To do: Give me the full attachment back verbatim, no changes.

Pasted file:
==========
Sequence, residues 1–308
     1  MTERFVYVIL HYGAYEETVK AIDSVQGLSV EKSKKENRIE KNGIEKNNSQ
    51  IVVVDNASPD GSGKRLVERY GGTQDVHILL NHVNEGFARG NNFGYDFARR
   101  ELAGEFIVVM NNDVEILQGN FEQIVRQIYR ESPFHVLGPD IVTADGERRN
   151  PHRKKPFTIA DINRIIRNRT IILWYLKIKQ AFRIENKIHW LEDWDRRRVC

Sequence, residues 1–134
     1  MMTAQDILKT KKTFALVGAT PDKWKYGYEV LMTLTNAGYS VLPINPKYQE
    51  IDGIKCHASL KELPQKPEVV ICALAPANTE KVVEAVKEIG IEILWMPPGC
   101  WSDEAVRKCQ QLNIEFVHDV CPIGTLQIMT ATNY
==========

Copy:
Sequence, residues 1–308
     1  MTERFVYVIL HYGAYEETVK AIDSVQGLSV EKSKKENRIE KNGIEKNNSQ
    51  IVVVDNASPD GSGKRLVERY GGTQDVHILL NHVNEGFARG NNFGYDFARR
   101  ELAGEFIVVM NNDVEILQGN FEQIVRQIYR ESPFHVLGPD IVTADGERRN
   151  PHRKKPFTIA DINRIIRNRT IILWYLKIKQ AFRIENKIHW LEDWDRRRVC

Sequence, residues 1–134
     1  MMTAQDILKT KKTFALVGAT PDKWKYGYEV LMTLTNAGYS VLPINPKYQE
    51  IDGIKCHASL KELPQKPEVV ICALAPANTE KVVEAVKEIG IEILWMPPGC
   101  WSDEAVRKCQ QLNIEFVHDV CPIGTLQIMT ATNY